Name: Derong Kong
Supervisor: Professor Michel Dekking
Subject: Fractals and moving plumes
Thesis defense: September 2012
“Pure mathematics is beautiful; it can arrange the world by using very simple equations. You can just think of the simplicity of Einstein’s equation E=mc2. Mathematics can also produce sensational images, like pictures of fractals, which incredibly resemble the real world, for example clouds, coastlines, lightening or trees. In my MSc and now in my PhD, I wanted to pursue my fascination for mathematics but also really wanted to make useful mathematics.
Because my supervisor thought it was best for me not to become ‘too specialized’, my PhD, unlike most others, consists of two distinct research topics: a theoretical problem and a practical problem. The theoretical part of my research is related to non-linear dynamical systems, which are basically all around us, from the weather to the stock market and genetic distribution of population. Theories are still needed though to better understand and analyze these systems. The study of fractals can be useful in that respect, since fractals can be described as the geometric representation of chaos. In my research I work with Cantor sets, very simple fractals which can represent strange attractors, and these are attractors in chaotic systems. Since basic Cantor sets exemplify only a simplistic case of strange attractors, I tried to create a generalized form of Cantor sets or ‘homogeneous Cantor sets’ with so-called ‘beta-expansion’ mathematical techniques. Now, I’m looking at the intersection between two homogeneous cantor sets, in order to theorize a more complex structure for strange attractors.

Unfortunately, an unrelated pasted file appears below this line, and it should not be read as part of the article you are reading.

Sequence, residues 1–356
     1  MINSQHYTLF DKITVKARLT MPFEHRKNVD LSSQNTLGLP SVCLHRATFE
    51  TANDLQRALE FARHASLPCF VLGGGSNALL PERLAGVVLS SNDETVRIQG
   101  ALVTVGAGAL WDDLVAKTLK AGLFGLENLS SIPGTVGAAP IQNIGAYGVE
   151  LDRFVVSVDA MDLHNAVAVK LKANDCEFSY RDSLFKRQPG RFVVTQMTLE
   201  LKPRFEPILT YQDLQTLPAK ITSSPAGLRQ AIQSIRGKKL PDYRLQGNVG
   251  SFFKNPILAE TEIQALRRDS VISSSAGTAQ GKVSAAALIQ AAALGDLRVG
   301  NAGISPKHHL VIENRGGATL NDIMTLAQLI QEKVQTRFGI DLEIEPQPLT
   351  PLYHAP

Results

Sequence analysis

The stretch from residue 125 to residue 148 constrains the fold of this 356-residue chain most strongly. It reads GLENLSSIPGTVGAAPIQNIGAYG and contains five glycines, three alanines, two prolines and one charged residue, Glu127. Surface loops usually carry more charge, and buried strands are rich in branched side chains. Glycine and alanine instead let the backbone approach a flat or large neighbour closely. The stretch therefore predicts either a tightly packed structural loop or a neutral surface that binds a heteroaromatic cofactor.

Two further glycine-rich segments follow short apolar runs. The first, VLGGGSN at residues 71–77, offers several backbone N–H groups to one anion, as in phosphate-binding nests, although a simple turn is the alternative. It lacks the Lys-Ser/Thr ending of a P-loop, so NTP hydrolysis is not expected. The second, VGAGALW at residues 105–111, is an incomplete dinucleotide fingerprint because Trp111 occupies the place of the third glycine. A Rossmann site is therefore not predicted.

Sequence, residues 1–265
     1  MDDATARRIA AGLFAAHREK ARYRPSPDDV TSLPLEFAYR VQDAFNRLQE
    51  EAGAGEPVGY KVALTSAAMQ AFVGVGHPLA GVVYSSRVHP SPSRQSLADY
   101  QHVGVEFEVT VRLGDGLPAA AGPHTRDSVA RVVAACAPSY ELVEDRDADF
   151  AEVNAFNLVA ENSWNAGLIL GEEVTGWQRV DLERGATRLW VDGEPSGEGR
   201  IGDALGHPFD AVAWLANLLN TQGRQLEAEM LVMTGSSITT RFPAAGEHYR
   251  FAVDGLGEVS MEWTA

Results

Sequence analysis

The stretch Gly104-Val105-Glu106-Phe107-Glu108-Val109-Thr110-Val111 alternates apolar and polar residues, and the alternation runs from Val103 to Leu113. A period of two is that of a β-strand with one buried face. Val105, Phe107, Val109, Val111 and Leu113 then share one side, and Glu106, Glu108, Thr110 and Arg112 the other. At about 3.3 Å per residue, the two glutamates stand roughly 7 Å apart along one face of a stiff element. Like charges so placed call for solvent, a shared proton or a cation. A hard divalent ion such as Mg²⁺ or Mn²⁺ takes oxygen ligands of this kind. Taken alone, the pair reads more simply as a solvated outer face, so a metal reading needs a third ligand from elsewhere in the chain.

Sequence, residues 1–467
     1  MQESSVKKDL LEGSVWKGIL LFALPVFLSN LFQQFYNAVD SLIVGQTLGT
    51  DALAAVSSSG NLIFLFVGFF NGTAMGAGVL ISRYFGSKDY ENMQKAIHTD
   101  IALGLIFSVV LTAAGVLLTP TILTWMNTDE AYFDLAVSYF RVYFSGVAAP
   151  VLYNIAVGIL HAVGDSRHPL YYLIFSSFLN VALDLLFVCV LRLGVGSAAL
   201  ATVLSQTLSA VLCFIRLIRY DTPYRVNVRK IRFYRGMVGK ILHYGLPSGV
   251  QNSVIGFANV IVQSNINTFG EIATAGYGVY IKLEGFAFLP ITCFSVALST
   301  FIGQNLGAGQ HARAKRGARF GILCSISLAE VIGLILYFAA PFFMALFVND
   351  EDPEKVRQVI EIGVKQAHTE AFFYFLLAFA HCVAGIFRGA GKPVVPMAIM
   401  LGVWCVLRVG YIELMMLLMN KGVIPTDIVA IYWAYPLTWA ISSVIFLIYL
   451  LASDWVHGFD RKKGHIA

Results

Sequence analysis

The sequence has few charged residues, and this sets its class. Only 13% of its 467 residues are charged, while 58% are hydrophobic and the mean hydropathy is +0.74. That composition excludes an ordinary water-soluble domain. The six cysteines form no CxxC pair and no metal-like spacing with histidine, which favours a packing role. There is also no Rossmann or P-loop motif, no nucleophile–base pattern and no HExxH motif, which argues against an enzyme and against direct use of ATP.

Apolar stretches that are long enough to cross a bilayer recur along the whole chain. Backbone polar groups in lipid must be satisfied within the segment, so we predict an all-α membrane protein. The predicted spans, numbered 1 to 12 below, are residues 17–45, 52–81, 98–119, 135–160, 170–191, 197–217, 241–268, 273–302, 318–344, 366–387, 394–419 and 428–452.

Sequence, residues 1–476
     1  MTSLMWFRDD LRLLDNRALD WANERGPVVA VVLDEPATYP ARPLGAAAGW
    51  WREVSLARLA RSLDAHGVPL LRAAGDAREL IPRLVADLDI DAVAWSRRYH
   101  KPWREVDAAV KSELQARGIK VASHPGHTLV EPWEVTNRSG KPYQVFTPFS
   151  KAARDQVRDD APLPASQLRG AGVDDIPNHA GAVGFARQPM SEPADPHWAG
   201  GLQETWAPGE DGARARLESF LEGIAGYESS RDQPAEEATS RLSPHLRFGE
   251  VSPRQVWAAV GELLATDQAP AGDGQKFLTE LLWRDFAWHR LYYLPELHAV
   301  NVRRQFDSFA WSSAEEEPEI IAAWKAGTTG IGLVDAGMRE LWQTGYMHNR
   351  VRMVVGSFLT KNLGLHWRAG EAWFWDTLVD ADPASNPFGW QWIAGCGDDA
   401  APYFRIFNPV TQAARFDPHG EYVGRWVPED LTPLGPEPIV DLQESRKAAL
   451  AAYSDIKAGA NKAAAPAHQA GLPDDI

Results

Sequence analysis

The applied part of my PhD is linked to an existing civil engineering issue: moving plumes in ground water. A plume can be described as a mass of material, typically a pollutant, spreading from a source. When a plume penetrates ground water, advection and/or dispersion occur generally. For civil engineers to be able to tackle plume issues, they need to understand the behavior of plumes over time. Partial differential equations are usually used to calculate the plumes’ kinetic transport. However, these equations are typically extremely difficult to solve. Thus I am trying to facilitate this calculation by developing a stochastic model. Such a model estimates the probability distribution of potential outcomes based on a large number of repeated simulations and random variation in the input.
Basically, the only link between my two research topics is mathematical analysis. In fact, I enjoy this dual aspect of PhD, because it provides more diversity in my daily work. To me the most important in a PhD research is not to have a grand topic, but rather how to do research on your own. For instance, I learned that to solve a problem you have to understand knowledge at the periphery of your own knowledge. Plus, in mathematics research, rigor is a must.”